Rogue Ruminations: A Rogue One Review

rogue-one-banner

Image Used Courtesy of Lucasfilm, Ltd. 

WARNING! While there were many reviews that were spoiler-free in the days leading up to Rogue One being in theaters, it’s out now. This review will spoil many things about the characters that you will not want spoiled if you haven’t seen the movie, so if you haven’t seen it, you should go do so. It’s amazing! When you’re done, please come back and read my review.

Rogue One: A Star Wars Story changed Star Wars forever. Well, that would be a grandiose way to begin a review. It’s sweeping and dramatic but perhaps a little too much so. A statement that may be more in line with the truth (and my feelings about the film) is that Rogue One changes Star Wars: A New Hope forever. Prior to December 16th, when I watched A New Hope, I did not know exactly how the Rebels acquired the Death Star plans. I only new that some Rebels did and that Luke, Leia, and the rest were able to put those plans to good use. Now, with December 16th a few days past, I can say that when I watch A New Hope, it will mean even more than it did before. I love A New Hope. It and Empire Strikes Back regularly battle to claim the top spot on my list of favorite Star Wars movies. Rogue One retroactively makes A New Hope even better. Through the desperate struggles of its small band of Rebels, Gareth Edwards and the cast and crew of Rogue One have created a story that gives new weight to the Battle of Yavin because we have seen the cost. We have seen the Rebellion nearly break under the fear of the Death Star, and we have seen Jyn Erso inspire a band of brothers and sisters to have hope enough to believe that they had to act, regardless of their own safety, in order to safeguard the galaxy from a future of Imperial oppression.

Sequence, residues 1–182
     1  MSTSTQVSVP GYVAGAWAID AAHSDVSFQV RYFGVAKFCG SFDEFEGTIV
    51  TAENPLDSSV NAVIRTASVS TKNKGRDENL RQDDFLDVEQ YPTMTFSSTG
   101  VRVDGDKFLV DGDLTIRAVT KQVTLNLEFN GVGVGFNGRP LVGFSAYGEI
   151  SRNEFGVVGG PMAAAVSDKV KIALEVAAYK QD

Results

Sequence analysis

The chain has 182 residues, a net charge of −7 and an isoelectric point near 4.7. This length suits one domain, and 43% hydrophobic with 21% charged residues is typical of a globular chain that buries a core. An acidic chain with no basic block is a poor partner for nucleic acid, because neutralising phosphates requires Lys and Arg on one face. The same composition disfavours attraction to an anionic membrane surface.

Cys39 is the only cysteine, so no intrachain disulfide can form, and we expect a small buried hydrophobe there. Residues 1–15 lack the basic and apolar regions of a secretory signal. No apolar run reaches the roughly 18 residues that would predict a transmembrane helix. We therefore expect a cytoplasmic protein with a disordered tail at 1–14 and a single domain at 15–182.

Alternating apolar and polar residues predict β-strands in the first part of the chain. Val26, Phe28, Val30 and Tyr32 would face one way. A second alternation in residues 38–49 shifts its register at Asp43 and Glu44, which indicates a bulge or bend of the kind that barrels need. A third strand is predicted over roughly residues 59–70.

Going into Rogue One, I wasn’t sure how much I would like the characters. After all, many of our favorites have had multiple films to win our hearts. Obi-Wan, Han, Rey, and all the others have trilogies of moments. Jyn, Chirrut, and K-2SO and the rest would have only one. I didn’t know if that would allow the actors and directors enough time to craft memorable characters. Ensemble films frequently struggle to do this (just look at most of the X-Men films), but I’m ecstatic to say that Rogue One mostly succeeds in creating characters that I not only cared about but that I hope we eventually get more stories with.

Felicity Jones crushed my heart as Jyn Erso, especially when she is totally wrecked by the hologram of her father. I loved that she was so much more than just a kick-ass female (though she certainly does her fair share of that, too). Jones is able to convey both the devastating pain and sorrow Jyn feels when she see the hologram of a father that she thought she lost long ago and the determination of a woman who refuses to give up even in the face of overwhelming odds. Jyn’s strength is in her ability to have hope and inspire others despite those overwhelming odds and the fear that comes with them. Without Jyn, there’s a good chance the Rebellion would have died before finding its new hope. Many of the members of the Alliance wanted to surrender, but Jyn’s speech around that war room table convinced enough of the group to come to her in secret and decide that it was time to rebel or go rogue, whichever you prefer.

Prior to watching the film, I thought Diego Luna’s character, Cassian Andor, would be the Steve Roger’s of the Star Wars universe: the straight-laced Rebel sent to keep the delinquent Jyn Erso in check. It turns out that Cassian is a lot more Bucky Barnes than Steve Rogers. He’s still fiercely loyal to the Rebellion, but he’s also a knife in the dark. In a bit of off-humor, while we were watching Rogue One, I quipped to my wife, “Look, Cassian shot first!” when he mercilessly shot his wounded Rebel contact. That’s the kind of character Cassian began the film as: a man who would kill unexpectedly and in cold blood in order to keep the dream of the Rebellion alive. He probably would have worked well with Saw Gerrera, but he also carried the scars that acting in that way brings. Diego Luna’s portrayal of Cassian was both charming (with an accent like that, how could it not be) and at the same time, it was also haunting. He’s clearly a man in pain, but as he tells Jyn prior to leaving for Scarif, he can be the man who makes the hard decisions and does the unspeakable as long as it helps the Rebellion.